That compensation initiatives are probably an organization’s strongest lever of enterprise-wide change will not come as a surprise if you’ve read my previous Musings. I have mentioned this numerous times, in numerous ways. Yet what may surprise you is my twist on this particular post. OD has large-group methods that also have the ability to reach a broad audience. I agree with Dr. Lawler that, “many of the traditional interventions that organization development specialists use impact on only small groups of employees.” Yet there are also many methods and forums used by OD practitioners to bring about successful large-scale change.
World Café, Appreciative Inquiry, Future Search, and Open Space Technology are just four of many large-group methods to bring together geographically, divisionally, and/or intellectually disparate voices for the purpose of improving the collective dialog, ensuring the right voices are being represented and heard, and both broadening and deepening the reach of joint ownership, accountability, and buy-in. I experienced the power of Appreciative Inquiry two months ago in Costa Rica, and saw how quickly five organizations and approximately sixty people representing at least ten ethnicities came together and agreed upon the top themes for what is necessary to build community in their region. It was breathtaking.
"While compensation is undoubtedly one of the largest levers of organization-wide change, it is important to not lose sight of the great tools OD has to help implement these large-scale changes."
Case in Point: On one of my less-than-shining moments some moons ago, I reluctantly agreed to revamp the domestic U.S. salary structure with the request to “keep it off the managers’ desks.” Everyone was inordinately busy and the directive from the CEO was to keep everything ‘administrative’ away from management; the project to upgrade the salary infrastructure was deemed 'administrative'. Whether they realized it or not, I had the attention of 70% of the population: decisions we made could result in a red circle, an increase in pay, a change in exemption status, or greater or lesser opportunity to financially progress just to name a few.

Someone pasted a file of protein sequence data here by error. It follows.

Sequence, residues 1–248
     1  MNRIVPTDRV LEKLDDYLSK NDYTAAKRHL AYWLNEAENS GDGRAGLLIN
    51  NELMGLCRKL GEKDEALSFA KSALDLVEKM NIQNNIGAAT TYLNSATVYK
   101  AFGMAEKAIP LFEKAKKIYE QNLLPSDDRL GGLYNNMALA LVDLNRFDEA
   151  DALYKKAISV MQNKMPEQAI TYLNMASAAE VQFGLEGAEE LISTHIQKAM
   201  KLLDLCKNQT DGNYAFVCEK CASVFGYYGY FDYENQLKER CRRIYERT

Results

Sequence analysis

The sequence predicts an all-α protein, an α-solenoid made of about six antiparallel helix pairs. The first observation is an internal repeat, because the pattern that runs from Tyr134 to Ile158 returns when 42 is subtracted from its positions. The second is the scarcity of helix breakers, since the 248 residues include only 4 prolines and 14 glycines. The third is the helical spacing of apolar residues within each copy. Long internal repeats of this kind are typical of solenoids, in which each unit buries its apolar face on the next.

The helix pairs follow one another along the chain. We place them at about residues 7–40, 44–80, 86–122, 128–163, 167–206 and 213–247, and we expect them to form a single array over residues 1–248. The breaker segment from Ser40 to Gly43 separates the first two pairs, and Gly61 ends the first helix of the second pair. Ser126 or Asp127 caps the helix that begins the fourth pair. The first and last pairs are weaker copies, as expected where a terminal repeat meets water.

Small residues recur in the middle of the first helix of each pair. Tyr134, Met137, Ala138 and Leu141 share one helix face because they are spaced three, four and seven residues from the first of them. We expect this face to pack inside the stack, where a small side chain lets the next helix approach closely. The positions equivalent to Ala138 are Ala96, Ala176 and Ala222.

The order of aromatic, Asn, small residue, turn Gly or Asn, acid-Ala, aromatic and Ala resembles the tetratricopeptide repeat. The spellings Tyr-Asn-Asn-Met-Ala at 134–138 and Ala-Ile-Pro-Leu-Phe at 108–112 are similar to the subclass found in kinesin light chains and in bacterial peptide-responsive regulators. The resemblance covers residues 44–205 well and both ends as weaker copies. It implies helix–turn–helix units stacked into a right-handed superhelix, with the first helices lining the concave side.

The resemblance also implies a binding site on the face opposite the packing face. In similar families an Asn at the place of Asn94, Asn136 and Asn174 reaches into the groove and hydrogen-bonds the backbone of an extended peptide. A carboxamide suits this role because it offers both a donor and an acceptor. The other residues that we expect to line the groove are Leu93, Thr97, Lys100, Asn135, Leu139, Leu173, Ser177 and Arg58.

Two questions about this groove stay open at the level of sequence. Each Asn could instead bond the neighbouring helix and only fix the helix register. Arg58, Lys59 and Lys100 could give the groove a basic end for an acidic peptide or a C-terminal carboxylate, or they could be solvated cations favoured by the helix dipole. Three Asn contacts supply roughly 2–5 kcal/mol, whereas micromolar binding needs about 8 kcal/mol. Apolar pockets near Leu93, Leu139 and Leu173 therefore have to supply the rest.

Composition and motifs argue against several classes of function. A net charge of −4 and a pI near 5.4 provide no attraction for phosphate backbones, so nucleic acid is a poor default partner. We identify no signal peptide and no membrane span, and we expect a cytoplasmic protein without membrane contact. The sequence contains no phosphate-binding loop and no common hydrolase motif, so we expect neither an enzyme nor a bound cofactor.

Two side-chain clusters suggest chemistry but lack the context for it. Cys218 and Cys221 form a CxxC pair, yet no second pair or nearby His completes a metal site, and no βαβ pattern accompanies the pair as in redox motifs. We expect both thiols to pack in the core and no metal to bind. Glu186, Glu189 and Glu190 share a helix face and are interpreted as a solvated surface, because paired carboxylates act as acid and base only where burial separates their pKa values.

Cut to the Chase: Had I known about one of these large-group methods of change at the time, I could have partnered with OD to build a rich, 'non-administrative' dialog with a large group of leaders around the U.S. about what the organization needed relative to the pay structure ("what did we hire it to do?"), what the obstacles were to being able to attract and retain talent with regard to salary, and other strategic and philosophical topics. It might have taken two days of managers’ time on the front end (this obviously excludes what can be months of set-up behind the scenes), yet I am convinced collectively and methodically gaining their insights – and they from each other - would have saved weeks' if not months' worth of questions, confusion, and disruption on the back end.
While compensation is undoubtedly one of the largest levers of organization-wide change, it is important to not lose sight of the great tools OD has to help implement these large-scale changes. There are times when I’m guessing Compensation professionals have lost sight of the power at their fingertips. I know on occasion I did, and I only wish I had then known about methods like Open Space and Future Search to gain the important broad-reach collective buy-in for greater success.
I wonder how familiar most Compensation professionals are with this type of 'large-group intervention'. (I know I wasn't until I entered the Pepperdine MSOD program.) I'm also curious as to the possibilities people can see in using some of these methods to more successfully implement broadbased compensation changes. Thoughts?